LEWISTON — Magnificent scenes flashed across the movie screen as the room filled with the sounds of loons, coyotes and rushing waters. Vivid images and recordings of moose, bear, deer, loons and an array of other wildlife were captured by the photography team Thomas and Lee Ann Szelog.
The couple have spent the last 25 years documenting some of Maine's most majestic scenery through photography and writing. And their lifelong passion leads their effort today to capture hearts and minds as they call for the creation of a new national park right in Maine's vast northern woods.
"The wildlife has no voice and no choice, but we as humans have a powerful voice and a powerful choice," Lee Ann Szelog said Monday night as she addressed the crowd of nearly 100 people attending the Stanton Bird Club’s 93rd annual dinner. "It's about protecting this ecosystem for our future. Each one of us has the power to influence others."
The couple brought their ongoing effort to preserve 3.2 million acres in Maine's North Woods as the nation's newest national park. The idea — introduced more than 20 years ago by Restore: The North Woods — has drawn both interest and criticism over the last two decades.
The Szelogs spent the last five years documenting the splendor of the proposed Maine Woods National Park in an effort to raise awareness about the rich wildlife and delicate ecosystem existing there. The Maine Woods National Park Photo-Documentation Project is also showcased in a compelling book and traveling fine-art photography exhibit.
"Nature doesn't need the human species. The human species needs nature," Thomas Szelog said.
In 2011, businesswoman Roxanne Quimby proposed a smaller-scale version of the original plan. Over the years she used proceeds from the sales of her highly successful business, Burt’s Bees, to buy more than 100,000 acres of Maine timberland. She announced plans to donate 70,000 acres along the Penobscot River’s East Branch bordering on Baxter State Park to form the nucleus of a new national park.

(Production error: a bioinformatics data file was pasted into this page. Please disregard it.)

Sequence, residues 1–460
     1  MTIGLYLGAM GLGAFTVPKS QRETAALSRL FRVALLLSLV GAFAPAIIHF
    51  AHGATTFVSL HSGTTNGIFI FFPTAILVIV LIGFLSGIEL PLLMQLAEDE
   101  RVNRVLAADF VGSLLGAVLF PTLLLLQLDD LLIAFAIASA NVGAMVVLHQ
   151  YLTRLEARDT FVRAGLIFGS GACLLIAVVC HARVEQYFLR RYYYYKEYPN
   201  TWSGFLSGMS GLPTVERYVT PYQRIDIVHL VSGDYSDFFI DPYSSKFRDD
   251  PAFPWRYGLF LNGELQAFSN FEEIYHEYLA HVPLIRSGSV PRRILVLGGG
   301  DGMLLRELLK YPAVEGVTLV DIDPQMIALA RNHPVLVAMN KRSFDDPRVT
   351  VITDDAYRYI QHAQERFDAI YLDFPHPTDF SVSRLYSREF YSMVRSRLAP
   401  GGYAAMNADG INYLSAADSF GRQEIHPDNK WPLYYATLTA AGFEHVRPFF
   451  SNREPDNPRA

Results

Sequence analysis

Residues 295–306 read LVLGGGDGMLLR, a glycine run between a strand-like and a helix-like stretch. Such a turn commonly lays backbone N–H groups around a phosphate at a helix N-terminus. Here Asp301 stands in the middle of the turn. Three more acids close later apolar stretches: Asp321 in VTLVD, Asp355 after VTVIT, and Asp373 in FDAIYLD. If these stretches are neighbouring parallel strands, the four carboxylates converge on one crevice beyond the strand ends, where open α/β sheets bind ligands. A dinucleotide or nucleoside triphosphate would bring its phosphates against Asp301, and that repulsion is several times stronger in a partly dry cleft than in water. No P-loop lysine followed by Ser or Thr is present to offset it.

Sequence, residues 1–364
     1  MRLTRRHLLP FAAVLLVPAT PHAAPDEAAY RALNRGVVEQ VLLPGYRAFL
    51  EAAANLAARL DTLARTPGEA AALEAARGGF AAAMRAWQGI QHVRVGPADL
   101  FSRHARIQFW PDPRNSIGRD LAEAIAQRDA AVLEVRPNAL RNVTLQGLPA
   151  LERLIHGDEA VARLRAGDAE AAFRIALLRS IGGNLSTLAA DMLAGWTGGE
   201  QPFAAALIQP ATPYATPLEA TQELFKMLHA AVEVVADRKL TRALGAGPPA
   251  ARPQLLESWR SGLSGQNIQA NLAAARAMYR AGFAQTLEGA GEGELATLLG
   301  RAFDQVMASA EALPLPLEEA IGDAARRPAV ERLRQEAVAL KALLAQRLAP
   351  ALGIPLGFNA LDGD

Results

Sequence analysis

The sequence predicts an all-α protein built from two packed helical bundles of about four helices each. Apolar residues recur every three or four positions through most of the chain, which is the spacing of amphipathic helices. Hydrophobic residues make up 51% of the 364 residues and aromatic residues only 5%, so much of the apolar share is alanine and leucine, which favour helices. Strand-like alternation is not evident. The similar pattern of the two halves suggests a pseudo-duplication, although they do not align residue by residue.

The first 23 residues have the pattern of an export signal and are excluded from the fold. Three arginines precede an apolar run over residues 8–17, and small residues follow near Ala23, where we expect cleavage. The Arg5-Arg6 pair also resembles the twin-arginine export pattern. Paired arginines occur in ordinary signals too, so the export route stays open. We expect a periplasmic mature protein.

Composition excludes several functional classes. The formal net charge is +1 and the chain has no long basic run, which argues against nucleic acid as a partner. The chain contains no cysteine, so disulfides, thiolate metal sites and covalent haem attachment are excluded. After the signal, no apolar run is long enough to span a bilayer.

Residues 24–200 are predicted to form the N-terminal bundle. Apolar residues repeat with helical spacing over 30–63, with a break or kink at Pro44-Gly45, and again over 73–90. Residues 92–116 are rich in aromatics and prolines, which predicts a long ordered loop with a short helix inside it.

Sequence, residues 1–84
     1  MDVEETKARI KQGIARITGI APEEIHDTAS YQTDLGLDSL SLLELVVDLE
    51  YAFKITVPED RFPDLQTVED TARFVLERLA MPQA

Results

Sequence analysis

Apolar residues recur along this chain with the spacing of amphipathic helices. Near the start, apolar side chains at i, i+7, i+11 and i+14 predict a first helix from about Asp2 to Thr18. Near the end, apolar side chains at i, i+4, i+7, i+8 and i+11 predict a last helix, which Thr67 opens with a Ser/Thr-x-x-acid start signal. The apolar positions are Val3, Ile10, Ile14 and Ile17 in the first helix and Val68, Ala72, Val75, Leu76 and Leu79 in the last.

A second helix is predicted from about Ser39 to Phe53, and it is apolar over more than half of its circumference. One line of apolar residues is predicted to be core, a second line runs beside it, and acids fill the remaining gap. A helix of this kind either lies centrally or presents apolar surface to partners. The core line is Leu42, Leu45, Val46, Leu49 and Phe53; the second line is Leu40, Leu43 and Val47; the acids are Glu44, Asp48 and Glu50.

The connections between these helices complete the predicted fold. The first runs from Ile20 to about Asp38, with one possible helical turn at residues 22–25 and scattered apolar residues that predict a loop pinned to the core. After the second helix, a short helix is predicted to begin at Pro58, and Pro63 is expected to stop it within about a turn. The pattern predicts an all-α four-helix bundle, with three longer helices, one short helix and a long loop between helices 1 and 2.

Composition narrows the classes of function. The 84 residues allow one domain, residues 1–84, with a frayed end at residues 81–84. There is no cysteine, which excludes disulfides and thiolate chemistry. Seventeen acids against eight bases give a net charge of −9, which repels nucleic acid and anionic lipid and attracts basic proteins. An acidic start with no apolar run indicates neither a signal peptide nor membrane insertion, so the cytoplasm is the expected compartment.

The Szelogs' presentation showcased the wildlife of the proposed park and discussed the ecological benefits the preservation effort would provide.
"I think you're going to have a difficult time in the state of Maine when you talk about no hunting," said Dana Little of Auburn, a member of the Stanton Bird Club and a board member of the Androscoggin Land Trust. "I support the idea of a preserved park, but I don't know if it's ideal in Maine."
Little said his concern comes from the fact that designating the project as a national park would prohibit hunting and other popular land uses such as snowmobiling. He agrees with preserving the land, but points out that groups such as hunters or snowmobile enthusiasts might feel excluded from the land they love as much as conservationists on the other side.
"I support the idea of a preserved park," Little said, adding, "You've got to work with people."